Sociodemographics and Psychosocial Experiences of Distance Learners in Nigeria: A Comparison of Single-mode and Dual-mode Universities

Authors

  • Tajudeen Adebisi Obafemi Awolowo University, Ile-Ife
  • Taiwo Olatunji University of Padua, Italy

Keywords:

distance learners, adult, psychosocial experiences, single-mode, dual-mode, universities

Abstract

The study explored the psychosocial experience of distance learners at the National Open University of Nigeria (NOUN) and the Obafemi Awolowo University (OAU) in Ile-Ife. Psychosocial experience refers to the aggregate outcome of events and feelings that define or affect a person’s knowledge and perception of their prevailing social environment. The study adopted mixed-methods phenomenology research design. We deployed multiphase mixed-method sampling involving a quota sampling technique to select 182 respondents, and a purposive sampling technique to select eight interviewees selected from the initial respondents—four students from each of NOUN and OAU. Two researcher-designed instruments—a questionnaire and an in-depth interview guide—were deployed for data collection. The collected data were analysed with frequency counts, percentage analysis, and phenomenological analysis. Analysis of their sociodemographic characteristics showed that the profile of the students at the dual-mode university (OAU) reflects characteristics of conventional distance learners more than does the profile of the students at the single-mode university (NOUN). Distance learners at NOUN and OAU had both similar and different psychosocial experience. Their experience was largely positive—only 14% and 12.3% of NOUN and OAU students (respectively) had considered dropping out. Factors affecting learners’ experience in both institutions included personal motivation, the flexibility and cost-effectiveness of distance learning, insufficiency of facilitator-led tutorials (at NOUN), and difficulties due to work and family responsibilities (at OAU). The study concluded that Nigerian distance learners possess the requisite psychosocial capacity to negotiate meaning and acquire knowledge in single-mode or dual-mode institutions.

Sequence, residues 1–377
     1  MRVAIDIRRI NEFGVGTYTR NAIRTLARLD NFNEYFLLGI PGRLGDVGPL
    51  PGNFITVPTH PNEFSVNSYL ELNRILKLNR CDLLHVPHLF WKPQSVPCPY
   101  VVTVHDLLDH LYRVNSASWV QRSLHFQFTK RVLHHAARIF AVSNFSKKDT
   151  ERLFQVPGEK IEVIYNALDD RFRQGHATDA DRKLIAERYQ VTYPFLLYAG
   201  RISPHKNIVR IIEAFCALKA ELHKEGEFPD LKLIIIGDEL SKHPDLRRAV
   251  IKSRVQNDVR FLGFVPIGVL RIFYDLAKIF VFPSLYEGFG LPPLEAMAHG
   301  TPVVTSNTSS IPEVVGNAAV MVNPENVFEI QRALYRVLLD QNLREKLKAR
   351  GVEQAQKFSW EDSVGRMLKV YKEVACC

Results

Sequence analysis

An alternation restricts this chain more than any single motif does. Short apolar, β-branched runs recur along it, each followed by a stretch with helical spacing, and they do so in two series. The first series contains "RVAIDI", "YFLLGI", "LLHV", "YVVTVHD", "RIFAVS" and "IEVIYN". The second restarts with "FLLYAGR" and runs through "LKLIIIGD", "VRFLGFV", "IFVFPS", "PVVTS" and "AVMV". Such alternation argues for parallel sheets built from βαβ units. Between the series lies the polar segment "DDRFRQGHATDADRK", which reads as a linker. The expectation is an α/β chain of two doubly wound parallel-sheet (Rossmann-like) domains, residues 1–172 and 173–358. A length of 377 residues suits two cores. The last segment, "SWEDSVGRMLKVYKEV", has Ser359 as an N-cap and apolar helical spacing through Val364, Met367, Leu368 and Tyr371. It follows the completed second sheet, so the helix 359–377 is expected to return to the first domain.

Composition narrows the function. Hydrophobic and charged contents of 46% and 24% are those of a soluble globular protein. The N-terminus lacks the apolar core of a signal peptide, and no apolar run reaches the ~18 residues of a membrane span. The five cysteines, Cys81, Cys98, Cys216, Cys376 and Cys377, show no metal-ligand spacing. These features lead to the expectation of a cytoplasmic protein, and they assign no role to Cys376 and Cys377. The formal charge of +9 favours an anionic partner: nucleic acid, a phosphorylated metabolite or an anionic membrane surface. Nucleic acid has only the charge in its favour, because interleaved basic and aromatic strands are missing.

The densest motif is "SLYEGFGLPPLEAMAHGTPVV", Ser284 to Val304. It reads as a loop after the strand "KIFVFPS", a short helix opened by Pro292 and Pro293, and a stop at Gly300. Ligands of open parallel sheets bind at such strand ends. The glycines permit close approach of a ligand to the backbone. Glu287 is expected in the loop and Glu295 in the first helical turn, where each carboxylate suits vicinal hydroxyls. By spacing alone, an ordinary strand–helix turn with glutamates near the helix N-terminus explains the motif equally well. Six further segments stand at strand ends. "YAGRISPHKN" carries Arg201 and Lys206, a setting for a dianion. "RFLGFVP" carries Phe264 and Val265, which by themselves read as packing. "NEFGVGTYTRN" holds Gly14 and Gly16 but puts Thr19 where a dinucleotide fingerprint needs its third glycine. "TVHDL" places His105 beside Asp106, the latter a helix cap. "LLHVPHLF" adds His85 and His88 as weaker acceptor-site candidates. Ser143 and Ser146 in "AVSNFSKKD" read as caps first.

Author Biographies

Tajudeen Adebisi, Obafemi Awolowo University, Ile-Ife

Tajudeen Adewumi Adebisi obtained his Bachelor’s degree (Education/English), Master’s degree (Adult Education), and Doctoral degree (Adult Education) from Obafemi Awolowo University (OAU), Nigeria. He started lecturing in 2007 as one of the pioneer lecturers in Osun State University, Osogbo, Nigeria. Dr. Adebisi is now lecturing in the Department of Adult Education and Lifelong Learning, Faculty of Education, Obafemi Awolowo University, Nigeria.  He is an expert and consultant in the field of Adult Education, with specific interest in adult learning and human resource development, workplace learning, and vocational and technical education. He has written and published extensively in these areas.

Taiwo Olatunji, University of Padua, Italy

Taiwo Olatunji obtained his B. A. Ed (English) and M. A. (Education) from the Department of Adult Education and Lifelong Learning, Obafemi Awolowo University, Ile-Ife, Nigeria. He is an ERASMUS+ Alumnus (Julius-Maximillians University Würzburg, Germany). He is currently undertaking his Ph.D. in the Department of Philosophy, Sociology, Pedagogy and Applied Psychology (FISPPA) at the University of Padua, Italy.

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Published

2022-07-31